Biden was reported to be impress with Becerra’s personal story, his skill in defending the Affordable Care Act in courts and his advocacy for mental health issues and greater health coverage for women.
As attorney general in California, Becerra led 20 states and the District of Columbia in a legal campaign to protect Obamacare from being dismantled by Republicans.
He’s also filed many lawsuits against Trump administration policies on immigration, which made him a hero to the progressive wing of the party, as he battled the president in the court system.
But that could also make for a tough confirmation battle in the Republican-led Senate.
Becerra was born in Sacramento to a working-class family. His mother emigrated from Mexico and he was the first in his family to graduate from college. He graduated from Stanford as both an undergraduate and for law school.
HHS is a $1 trillion-plus agency with 80,000 employees. It oversees drugs and vaccines, medical research and health insurance programs covering more than 130 million Americans.
Additionally, minorities have been disproportionately affected by the coronavirus.
Becerra’s appointment also will help silence critics who’ve said there has not been enough diversity among the president-elect’s pick to head Cabinet department.
Biden has been under pressure from the Congressional Hispanic Caucus to appoint more Latinos to his team.
Becerra is the second Latino that Biden has chosen for his cabinet after picking Alejandro Mayorkas, a Cuban immigrant, to head the Department of Homeland Security.
Dr. Vivek Murthy
Dr. Vivek Murthy also served as surgeon general under President Obama
Murthy, who served as surgeon general under President Obama, will reprise that role for Biden as ‘America’s doctor.’
During the campaign he was one of Biden’s closest advisers on medical issues and the pandemic.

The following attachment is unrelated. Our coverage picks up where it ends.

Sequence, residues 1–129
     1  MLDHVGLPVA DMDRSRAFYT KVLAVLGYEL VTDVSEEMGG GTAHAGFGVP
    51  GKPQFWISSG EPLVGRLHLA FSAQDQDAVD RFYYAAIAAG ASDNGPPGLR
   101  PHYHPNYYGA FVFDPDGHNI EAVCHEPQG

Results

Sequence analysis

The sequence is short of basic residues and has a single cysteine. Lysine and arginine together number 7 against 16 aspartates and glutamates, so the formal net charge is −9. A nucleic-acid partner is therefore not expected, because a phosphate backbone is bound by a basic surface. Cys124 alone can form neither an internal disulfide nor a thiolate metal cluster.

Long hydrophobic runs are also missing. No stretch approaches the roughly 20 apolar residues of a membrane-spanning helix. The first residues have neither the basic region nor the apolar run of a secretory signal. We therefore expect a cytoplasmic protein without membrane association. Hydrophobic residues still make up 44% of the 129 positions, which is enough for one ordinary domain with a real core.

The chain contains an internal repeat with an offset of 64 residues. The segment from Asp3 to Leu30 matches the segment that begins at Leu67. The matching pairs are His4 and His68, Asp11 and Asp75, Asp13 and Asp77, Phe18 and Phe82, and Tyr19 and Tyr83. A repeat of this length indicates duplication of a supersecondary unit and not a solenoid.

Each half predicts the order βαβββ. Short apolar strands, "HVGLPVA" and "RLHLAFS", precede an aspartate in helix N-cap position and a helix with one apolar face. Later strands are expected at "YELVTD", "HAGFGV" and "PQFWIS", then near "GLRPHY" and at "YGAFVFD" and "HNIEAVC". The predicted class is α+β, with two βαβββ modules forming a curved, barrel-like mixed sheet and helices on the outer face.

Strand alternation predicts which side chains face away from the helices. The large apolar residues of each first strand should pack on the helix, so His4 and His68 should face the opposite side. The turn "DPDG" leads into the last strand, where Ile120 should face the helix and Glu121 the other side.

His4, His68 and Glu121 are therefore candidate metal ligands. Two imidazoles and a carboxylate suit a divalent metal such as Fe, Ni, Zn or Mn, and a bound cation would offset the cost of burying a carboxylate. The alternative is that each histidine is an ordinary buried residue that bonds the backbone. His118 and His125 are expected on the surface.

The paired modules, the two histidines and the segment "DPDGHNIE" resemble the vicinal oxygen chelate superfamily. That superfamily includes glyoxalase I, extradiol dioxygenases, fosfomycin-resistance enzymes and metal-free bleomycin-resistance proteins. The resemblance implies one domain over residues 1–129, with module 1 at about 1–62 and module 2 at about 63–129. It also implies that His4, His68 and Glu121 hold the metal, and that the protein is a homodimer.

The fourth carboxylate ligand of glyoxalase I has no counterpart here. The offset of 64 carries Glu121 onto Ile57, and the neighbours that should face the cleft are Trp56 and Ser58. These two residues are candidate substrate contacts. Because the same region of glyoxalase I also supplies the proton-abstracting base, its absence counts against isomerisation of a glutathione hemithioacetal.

He was co-chair of Biden’s Coronavirus Task Force and is expected to be the administration’s public face on the pandemic.
Under Obama, Murthy helped lead the national response to the Ebola and Zika viruses and the opioid crisis.
He faces Senate confirmation in what could be a tough battle after many Republicans criticized him for calling mass shootings a public health crisis.
Dr. Rochelle Walensky
Dr. Rochelle Walensky, an infectious disease expert, is Biden’s nominee to lead the CDC
Walensky currently serves as Chief of Infectious Diseases at Massachusetts General Hospital and as a Professor of Medicine at Harvard Medical School.
The CDC director job does not require Senate confirmation, meaning she can take the reins of the Atlanta-based agency on day one of the Biden administration.
She is a specialist in infectious diseases and has long worked on HIV/AIDS issues.
The CDC will play a critical role in managing the distribution of a COVID vaccine.
Biden’s pick to be Coordinator of the COVID-19 Response has a business and economic background.
Jeff Zients, Biden’s nominee to be COVID czar, saved healthcare.gov and tried to buy the Washington Nationals
In President Obama’s administration, Zients served as chairman of the National Economic Council and as director of the Office of Management and Budget.
Zients is known for fixing the botched marketplace rollout of Obamacare when he rescued the HealthCare.gov website after its disastrous launch in 2013.
He was a member of Facebook’s board of directors from 2018 to 2020.
In 2005, he and Colin Powell formed a group that tried – and failed – to purchase the Washington Nationals.
He was chairman of the Advisory Board Company, working with David Bradley, the owner of The Atlantic. The two men took the company public and became multi-millionaires.
He is co-chair of Biden’s transition team.
Natalie Quillian, another Obama administration veteran, will serve as deputy coordinator of the Covid-19 response. She was also deputy campaign manager for Biden’s presidential campaign. While in the Obama White House she helped coordinate the interagency response to the opioid epidemic.
Neither post requires Senate confirmation.
Dr. Marcella Nunez-Smith
Nunez-Smith is a co-chair of Biden’s transition team who he named as chair of his COVID-19 equity task force.
Dr. Marcella Nunez-Smith is Biden’s pick to be chair of his COVID-19 equity task force
She serves as an associate professor of medicine, public health, and management and associate dean for health equity research at the Yale School of Medicine.
Her research at Yale focuses on promoting health and healthcare equity for structurally marginalized populations with an emphasis on centering community engagement.
She grew up in Saint Thomas, U.S. Virgin Islands and established the Eastern Caribbean Health Outcomes Research Network to study early risk and protective factors for cancer, heart disease, and diabetes in the eastern Caribbean.
She is one of three co-chairs of the president-elect’s COVID-19 Advisory Board.